Air Conditioning: What’s it about?

IT’S ALL ABOUT “AIR!”

First, your home’s air conditioning system must be sized correctly to provide the proper CFM of air and BTUs of cooling to each room of your home.

What is CFM?
CFM (Cubic Feet per Minute) is a measure of volume of airflow rate. Visualize a basketball. A basketball is approximately 1 cubic foot in volume.

How many CFM’s does your system require?
For example, a typical 3 ton system (36,000 BTUs) requires a minimum of 1,050 CFM to a maximum of 1,200 CFM to perform to manufacturer’s specifications.

What are BTUs?
(British thermal unit) – 1 BTU is equal to the heat produced by burning a single wooden match or can be defined as the amount of heat required to raise the temperature of 1 pound of water by 1°F.

Once you have the proper airflow, you can cool it, heat it, dehumidify it and clean  it, to provide you and your family with total personal comfort.

Bedroom airflow issues — how to know if it is a lack of supply air or lack of return air:

1st – Does the room cool fine during the day with the entrance door open?

2nd – Is your problem only when the door is closed for privacy issues?

3rd – If the room cools satisfactorily and only has issues when the door is closed, add a properly sized return air grill with duct work ran back to the air handler plenum.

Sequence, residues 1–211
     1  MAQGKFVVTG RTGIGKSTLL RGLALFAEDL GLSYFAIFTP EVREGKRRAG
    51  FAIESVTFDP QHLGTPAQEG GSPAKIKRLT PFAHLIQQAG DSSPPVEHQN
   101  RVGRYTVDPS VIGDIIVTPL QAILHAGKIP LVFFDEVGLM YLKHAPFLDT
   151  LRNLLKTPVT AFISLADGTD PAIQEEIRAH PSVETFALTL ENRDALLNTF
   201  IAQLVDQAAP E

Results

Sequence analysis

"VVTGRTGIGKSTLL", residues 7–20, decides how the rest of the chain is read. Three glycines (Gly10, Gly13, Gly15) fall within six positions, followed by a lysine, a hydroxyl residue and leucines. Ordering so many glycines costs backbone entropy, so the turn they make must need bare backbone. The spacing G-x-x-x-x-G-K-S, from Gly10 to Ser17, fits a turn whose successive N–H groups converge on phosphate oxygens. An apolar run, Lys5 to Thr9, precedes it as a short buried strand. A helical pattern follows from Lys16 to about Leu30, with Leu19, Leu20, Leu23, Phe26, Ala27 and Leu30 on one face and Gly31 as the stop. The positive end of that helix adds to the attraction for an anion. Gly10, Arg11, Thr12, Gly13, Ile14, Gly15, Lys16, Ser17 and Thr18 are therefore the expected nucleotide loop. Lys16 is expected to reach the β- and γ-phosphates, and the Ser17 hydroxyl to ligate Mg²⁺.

4th – If cooling is not adequate with door open, increase airflow supply, enlarge supply duct or add additional supply register with accompanying duct work coming from supply air plenum, plus add a return grill with accompanying duct work ran back to return plenum for good performance.

NOTE: The new building code requires all major rooms to have properly sized return air grills to allow free flow of return air back to air handler.

Filtration

No filter… bad idea. You just turned your evaporator coil into an amazing “filter.” The evaporator coil is wet and without a filter installed, all the dust and dirt (even in the cleanest of homes) is being circulated and collecting on the coil–which in turn will cause the coil to be restricted and result in system malfunction.

Second requirement is for the health and well-being of occupants. A higher efficiency filter will provide cleaner air but will your system support the higher air flow restriction put on your system?

Your existing indoor unit (air handler) in most situations is already struggling and under-performing due to an undersized duct system. So, with good intentions, you install a pleated filter that is now making a bad situation worse.

What’s it all about?

Most pleated filters are a disaster. They require close to 50% of your air handler’s ability to move the proper quantity of air (CFM). Therefore, destroying your energy costs and premature failure of your air conditioning system.

In order for the homeowner to know what filter their air conditioning system can support, have your air conditioning technician test your system to find the total static pressure that your system creates without a filter. The difference between the manufacturer’s listed maximum static and the total static test that was just performed will tell you what filter to install.

Tip: Install a low efficient low static filter and spray it with cooking spray “Pam”. This will improve your filter greatly.